CRU Forecasts Volatility for Steel Prices

Written by Sandy Williams

CRU analysts, speaking during a virtual version of their Annual New York Steel Briefing earlier today, said volatility is in the cards for steel pricing as demand increases and new EAF capacity comes online.

CRU forecasts sheet consumption will fall 17.6 percent or 12.4 million metric tons year-over-year in 2020, and long and plate products will fall 11 percent. The decline in consumption is the largest since the Great Financial Crisis, but is expected to rise at a strong rate in 2021 and 2022.

The speed of the economic shutdown during the pandemic was unprecedented, but the numbers show the economy is picking back up. Monthly data is improving for unemployment, personal income and retail sales. The housing sector is showing resilience and automotive production is essentially back to normal.

CRU bases flat rolled demand on industrial production, which is expected to rebound sharply in 2021 and moderate in 2022. It will take several years, however, before sheet and plate demand return to 2019 levels, potentially not until 2022 or 2023, the analysts said.

Increased demand usually equals higher prices, but steel prices will face downside pressure due to nearly 7 million MT of new flat rolled capacity and 1 million MT of plate capacity coming online in the near future. Current EAFs continued to operate through the pandemic, although at reduced capacity. About 16 million MT of blast furnace capacity was taken offline in the U.S. and Canada during the same period. Of those 12 BFs, two reached end-of-life, three were banked for quick restart and the rest blown down, said CRU.

The resumption of auto production will boost demand, and some BFs are expected to return to production soon. However, the flexibility and low operating costs of the new EAF capacity, as well as their geographical advantage and high value products, will make BF restarts challenging. CRU expects some blast furnaces will be altered and others may never come back online.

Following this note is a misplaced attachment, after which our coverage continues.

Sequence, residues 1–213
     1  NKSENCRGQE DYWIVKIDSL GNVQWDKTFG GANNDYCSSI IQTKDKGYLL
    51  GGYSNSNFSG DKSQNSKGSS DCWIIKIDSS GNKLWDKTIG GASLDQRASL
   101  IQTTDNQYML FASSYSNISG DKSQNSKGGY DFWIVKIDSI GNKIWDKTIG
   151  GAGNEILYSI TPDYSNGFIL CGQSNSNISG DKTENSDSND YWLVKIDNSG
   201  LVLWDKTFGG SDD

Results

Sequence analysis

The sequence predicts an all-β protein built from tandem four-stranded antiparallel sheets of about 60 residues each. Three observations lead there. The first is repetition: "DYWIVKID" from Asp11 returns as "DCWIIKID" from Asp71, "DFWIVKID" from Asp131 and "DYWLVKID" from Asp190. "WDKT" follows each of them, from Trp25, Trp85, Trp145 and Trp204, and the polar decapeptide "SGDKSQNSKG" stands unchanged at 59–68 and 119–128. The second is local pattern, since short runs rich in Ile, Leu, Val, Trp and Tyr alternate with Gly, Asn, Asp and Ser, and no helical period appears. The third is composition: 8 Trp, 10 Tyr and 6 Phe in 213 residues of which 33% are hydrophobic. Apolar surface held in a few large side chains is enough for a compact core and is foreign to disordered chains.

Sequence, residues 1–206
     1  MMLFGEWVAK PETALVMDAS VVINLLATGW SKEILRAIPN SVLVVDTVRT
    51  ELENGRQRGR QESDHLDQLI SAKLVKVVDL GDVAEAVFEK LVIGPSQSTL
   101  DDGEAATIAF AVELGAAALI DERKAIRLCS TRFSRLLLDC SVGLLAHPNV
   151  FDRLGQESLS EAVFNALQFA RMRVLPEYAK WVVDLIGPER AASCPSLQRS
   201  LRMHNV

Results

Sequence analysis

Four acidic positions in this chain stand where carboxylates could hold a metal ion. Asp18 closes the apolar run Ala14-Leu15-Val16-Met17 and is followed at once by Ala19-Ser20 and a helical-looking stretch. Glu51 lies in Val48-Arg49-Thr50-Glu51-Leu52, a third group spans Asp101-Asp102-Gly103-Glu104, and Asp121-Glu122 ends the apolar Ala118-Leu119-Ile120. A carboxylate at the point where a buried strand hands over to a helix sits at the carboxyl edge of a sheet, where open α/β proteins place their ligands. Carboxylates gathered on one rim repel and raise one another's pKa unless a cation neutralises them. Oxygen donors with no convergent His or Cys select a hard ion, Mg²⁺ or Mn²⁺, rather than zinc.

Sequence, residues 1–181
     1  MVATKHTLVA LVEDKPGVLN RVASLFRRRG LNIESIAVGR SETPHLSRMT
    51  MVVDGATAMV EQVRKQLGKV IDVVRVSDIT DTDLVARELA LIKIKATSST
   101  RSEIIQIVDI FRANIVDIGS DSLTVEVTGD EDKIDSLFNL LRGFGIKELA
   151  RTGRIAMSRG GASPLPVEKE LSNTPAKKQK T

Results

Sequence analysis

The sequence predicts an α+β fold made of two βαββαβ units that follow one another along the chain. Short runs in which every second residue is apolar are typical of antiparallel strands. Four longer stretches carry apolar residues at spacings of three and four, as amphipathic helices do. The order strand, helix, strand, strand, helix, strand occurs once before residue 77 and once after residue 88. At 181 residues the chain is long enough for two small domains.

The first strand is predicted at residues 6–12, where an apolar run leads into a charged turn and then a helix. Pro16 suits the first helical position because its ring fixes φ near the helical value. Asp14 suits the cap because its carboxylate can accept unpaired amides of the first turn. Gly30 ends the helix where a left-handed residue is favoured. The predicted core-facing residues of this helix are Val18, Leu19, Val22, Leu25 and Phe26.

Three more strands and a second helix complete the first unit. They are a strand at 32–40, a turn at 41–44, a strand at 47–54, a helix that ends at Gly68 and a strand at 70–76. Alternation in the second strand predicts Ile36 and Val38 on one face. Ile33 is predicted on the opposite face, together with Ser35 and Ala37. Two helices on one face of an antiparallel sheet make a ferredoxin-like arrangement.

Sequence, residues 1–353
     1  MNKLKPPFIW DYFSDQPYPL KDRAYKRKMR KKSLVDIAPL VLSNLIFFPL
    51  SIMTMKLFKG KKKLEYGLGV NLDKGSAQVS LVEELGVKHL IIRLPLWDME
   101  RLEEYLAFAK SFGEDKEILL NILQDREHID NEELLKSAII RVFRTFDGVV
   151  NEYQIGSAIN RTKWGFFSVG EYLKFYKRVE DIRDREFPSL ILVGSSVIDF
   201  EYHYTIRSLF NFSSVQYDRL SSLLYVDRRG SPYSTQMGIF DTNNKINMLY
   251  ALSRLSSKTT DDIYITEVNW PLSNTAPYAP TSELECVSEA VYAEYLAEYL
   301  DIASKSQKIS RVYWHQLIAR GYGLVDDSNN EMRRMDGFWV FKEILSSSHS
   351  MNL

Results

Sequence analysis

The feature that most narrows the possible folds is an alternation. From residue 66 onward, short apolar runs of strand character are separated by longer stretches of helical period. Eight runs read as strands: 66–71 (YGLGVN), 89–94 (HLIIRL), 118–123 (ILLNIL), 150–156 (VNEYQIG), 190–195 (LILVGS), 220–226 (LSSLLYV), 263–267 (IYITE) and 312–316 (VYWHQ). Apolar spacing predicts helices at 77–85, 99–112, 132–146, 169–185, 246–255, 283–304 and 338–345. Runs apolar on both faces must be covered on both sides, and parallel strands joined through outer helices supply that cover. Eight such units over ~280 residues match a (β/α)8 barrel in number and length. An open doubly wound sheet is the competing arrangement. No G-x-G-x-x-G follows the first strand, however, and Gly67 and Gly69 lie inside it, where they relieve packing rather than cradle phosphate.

In the near term, steel prices are expected to fall back and then improve toward the end of the year. CRU’s latest forecast is for hot rolled to hit $530 per short ton in December before new capacity begins to pressure it downward. For 2021, CRU is currently forecasting an annual average of $553 per ton for hot rolled and $631 for plate, and $565 for HR and $625 for plate in 2022.

CRU sees a series of pricing mini-cycles occurring until a supply and demand balance is achieved. Pre-coronavirus, demand was rising, but the idled furnaces will return to operation in a lower-demand environment due to underlying economic activity. A “U” shaped recovery is forecast for the current recession.

Government support may increase further this year and a complete infrastructure investment package would be welcomed by the industry. CRU analysts don’t expect an infrastructure bill to be passed before the election, however.

Scrap pricing has faced persistent downward pressure since 2018 and bottomed in October 2019. The COVID-19 crisis caused steel demand and scrap demand to plummet in April, but prices remained well above levels of the Great Financial Crisis of 2008 supported by a concurrent decline in scrap supply.

Steel demand was most affected by the shutdown of integrated mills, which require less scrap than EAFs. EAF steel demand fell about 25 percent and blast furnace about 75 percent. EAF producers were still buying scrap, but then supply fell nearly overnight as pandemic restrictions ended scrap collection and automotive shutdowns ended prime scrap generation. Lower supply kept prices from falling.

Scrap prices will be pressured in the third quarter as supply returns to the market and finished steel prices fall. Prices are expected to bottom in October near their 2019 level and then rise as the seasonal cycle begins in Q4 and early 2021.

The entrance of more EAFs to the market will cause higher scrap demand. CRU anticipates changes in how scrap is bought and sold, moving from a monthly basis to perhaps twice a month or weekly.

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